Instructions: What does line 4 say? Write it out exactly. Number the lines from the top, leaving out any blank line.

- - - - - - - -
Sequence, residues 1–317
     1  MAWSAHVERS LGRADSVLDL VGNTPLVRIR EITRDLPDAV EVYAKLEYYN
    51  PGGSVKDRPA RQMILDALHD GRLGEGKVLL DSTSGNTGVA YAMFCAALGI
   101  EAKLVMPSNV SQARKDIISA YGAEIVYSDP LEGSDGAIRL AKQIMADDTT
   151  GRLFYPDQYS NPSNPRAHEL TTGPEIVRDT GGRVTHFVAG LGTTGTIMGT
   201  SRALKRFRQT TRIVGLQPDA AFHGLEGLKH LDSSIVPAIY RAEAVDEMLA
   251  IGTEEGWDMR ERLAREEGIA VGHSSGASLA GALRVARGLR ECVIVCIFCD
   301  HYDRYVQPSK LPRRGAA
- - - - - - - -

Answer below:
   101  EAKLVMPSNV SQARKDIISA YGAEIVYSDP LEGSDGAIRL AKQIMADDTT